State aims for quick turnaround on $300 unemployment boost

Chairs are stacked on top of each other in an empty restaurant.
Chairs are stacked on tables at D-Brian's restaurant in the Minneapolis skyway in March. After securing federal approval for enhanced benefits over the weekend, Minnesota’s unemployment officials hope to quickly dispatch the extra $300 in weekly aid to qualified recipients.
Chris Juhn for MPR News file

Since losing her job in March as a health clinic receptionist, Maryan Ali counted on combined state and federal unemployment benefits to keep her Roseville household afloat.

Then in late July, the bulk of her weekly check — a $600 federal allowance — went away. It left her to scrape together money for vital bills, skip other payments and rack up credit card debt to put food on the table. 

Ali, a single mother of three, is banking on a new $300 per week boost through the Lost Wages Assistance program that Minnesota qualified for over the weekend. It relies on federal money and will pay for enhanced benefits for people whose jobs were disrupted by COVID-19.

“I don’t know how I’m going to pay my rent this month if I don’t get the $300,” Ali said. “I have a lot of bills to pay.”

Minnesota Department of Employment and Economic Development Commissioner Steve Grove said he’s aware of the hardships facing people like Ali and is intent on getting the money out fast. He said once the U.S. Treasury sends Minnesota the money, payments could be turned around in a day or two.

“We’re going to move on this the minute the money comes in,” Grove said Tuesday. “Our team checks the account we’ve set up for this money every hour on the hour to see when it will land so we can turn around and start making payments.”

In an interview, Grove said 325,000 Minnesotans still request unemployment help on a weekly basis. He expects most but not all of them to be eligible for the extra $300 payment, which is retroactive to late July when the larger amount expired.

The payments will be automatic for people already in the system known to be displaced due to the pandemic. They must be receiving at least $100 per week from state unemployment assistance to get the extra amount.

How long the top-off payment lasts is another story.

“It’s only so long as the money is available in that fund that the president set aside in FEMA to draw from,” Grove said, adding that the account could be exhausted by the middle of this month. “Minnesota will take advantage of every single penny due our state, you can be assured of that.”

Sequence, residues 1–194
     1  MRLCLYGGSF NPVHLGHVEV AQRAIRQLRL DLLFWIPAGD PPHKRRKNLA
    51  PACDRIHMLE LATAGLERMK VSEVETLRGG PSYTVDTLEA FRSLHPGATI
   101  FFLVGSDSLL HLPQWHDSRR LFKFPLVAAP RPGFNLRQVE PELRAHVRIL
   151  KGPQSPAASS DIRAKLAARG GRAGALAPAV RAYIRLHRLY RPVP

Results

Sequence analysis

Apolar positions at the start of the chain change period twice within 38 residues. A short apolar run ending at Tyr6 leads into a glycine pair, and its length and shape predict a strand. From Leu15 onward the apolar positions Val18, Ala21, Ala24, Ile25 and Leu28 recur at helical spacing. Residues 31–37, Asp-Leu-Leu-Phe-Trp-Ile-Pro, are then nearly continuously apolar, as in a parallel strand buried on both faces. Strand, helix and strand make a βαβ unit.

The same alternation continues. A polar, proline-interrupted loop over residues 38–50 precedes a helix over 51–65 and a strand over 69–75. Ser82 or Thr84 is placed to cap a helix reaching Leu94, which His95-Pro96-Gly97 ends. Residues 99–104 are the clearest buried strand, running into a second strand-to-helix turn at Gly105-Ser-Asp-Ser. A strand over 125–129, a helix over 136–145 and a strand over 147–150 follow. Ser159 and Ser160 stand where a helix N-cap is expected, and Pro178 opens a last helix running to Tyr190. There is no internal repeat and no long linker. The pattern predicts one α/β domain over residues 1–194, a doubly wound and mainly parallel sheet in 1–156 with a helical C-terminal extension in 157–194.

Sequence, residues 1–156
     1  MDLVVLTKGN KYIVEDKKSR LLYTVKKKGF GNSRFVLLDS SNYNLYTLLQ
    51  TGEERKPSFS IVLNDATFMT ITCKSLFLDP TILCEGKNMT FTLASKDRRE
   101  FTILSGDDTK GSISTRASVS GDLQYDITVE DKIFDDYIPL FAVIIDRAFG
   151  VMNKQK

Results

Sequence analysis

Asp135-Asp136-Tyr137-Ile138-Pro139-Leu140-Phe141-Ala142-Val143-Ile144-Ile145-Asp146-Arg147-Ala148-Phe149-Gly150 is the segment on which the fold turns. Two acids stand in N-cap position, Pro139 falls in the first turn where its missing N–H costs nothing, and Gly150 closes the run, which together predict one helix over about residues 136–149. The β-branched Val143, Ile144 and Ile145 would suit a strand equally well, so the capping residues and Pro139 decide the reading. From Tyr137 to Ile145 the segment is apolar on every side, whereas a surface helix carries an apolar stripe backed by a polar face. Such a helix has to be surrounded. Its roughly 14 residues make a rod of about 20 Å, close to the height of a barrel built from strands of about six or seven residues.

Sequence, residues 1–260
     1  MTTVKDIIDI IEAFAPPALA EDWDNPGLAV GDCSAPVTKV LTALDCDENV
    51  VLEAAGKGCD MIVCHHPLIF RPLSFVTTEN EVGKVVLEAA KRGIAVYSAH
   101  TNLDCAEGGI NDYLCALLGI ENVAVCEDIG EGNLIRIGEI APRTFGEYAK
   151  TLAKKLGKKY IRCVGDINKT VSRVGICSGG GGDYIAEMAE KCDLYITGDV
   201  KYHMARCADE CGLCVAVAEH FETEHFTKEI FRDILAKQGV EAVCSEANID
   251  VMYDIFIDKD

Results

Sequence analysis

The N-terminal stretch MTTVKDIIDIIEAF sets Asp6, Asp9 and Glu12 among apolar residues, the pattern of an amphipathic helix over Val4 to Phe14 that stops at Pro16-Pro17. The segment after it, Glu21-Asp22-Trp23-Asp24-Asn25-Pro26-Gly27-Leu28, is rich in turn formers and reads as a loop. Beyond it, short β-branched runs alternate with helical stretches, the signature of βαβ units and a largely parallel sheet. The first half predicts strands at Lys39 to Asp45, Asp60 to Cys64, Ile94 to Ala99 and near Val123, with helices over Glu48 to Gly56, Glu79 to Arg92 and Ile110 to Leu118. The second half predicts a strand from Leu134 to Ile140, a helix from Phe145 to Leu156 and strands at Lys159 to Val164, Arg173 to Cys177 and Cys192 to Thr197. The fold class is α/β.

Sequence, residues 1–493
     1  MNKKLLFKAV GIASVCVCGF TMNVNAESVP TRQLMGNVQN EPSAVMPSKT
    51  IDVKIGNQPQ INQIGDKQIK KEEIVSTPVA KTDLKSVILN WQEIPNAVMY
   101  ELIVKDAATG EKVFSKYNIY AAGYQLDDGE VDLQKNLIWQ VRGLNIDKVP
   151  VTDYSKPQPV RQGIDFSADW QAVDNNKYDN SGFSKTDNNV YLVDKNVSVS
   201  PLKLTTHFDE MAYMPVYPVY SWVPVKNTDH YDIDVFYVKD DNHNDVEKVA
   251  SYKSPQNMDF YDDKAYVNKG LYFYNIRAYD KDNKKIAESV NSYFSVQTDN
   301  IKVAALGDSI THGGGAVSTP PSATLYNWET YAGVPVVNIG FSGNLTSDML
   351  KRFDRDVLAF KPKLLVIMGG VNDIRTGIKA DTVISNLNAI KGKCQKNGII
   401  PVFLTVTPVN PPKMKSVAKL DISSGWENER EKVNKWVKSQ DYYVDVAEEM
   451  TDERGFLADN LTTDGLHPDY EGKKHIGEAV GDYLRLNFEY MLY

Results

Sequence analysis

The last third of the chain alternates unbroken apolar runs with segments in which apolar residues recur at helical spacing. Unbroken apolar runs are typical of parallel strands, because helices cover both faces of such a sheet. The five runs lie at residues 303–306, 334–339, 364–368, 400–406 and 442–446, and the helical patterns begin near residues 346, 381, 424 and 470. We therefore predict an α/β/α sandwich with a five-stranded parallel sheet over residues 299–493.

Congress and President Trump deadlocked on a more durable solution earlier this summer and there has been little public movement since.

More than 900,000 Minnesotans have applied for unemployment benefits at some point during the pandemic. More than $7 billion in state and federal jobless funds have gone out to Minnesota recipients since March.

The state’s unemployment insurance trust fund was exhausted in July, forcing the state to borrow from the federal government to keep payments flowing. Until the end of the year, it’s a no-interest loan. Minnesota and other states are advocating for loan forgiveness to avoid steep assessments on businesses that might otherwise be needed to build the unemployment account back up.

Black Minnesotans are experiencing a tougher time, with more than 15 percent unemployed compared with 6 percent of white Minnesotans, Grove said. One in two Black Minnesotans have had to apply for benefits, he said.

Among industries, the hospitality sector took the hardest blow after restaurants, hotels and other leisure businesses saw customer counts plummet early on. The summer brought a bit of a comeback thanks to outdoor dining and family trips to in-state destinations, prompting a 17,000 job gain last month.

But Grove said the rebound might not last.

“It’s a volatile industry in that sense and as the winter begins and weather changes, we know that this is going to be a more challenging time in our restaurants, our hotels and certainly in our tourism industry,” he said. 

Grove said his agency continues to look at ways to help both the workers and the owners to give them a better chance of survival.

Ali, 45, said she’s applied for jobs but heard nothing back.

“I want to get back to work. I don’t want to be on unemployment for a long time,” Ali said. “I don’t want to just sit and wait for assistance from the government. I want to work.”

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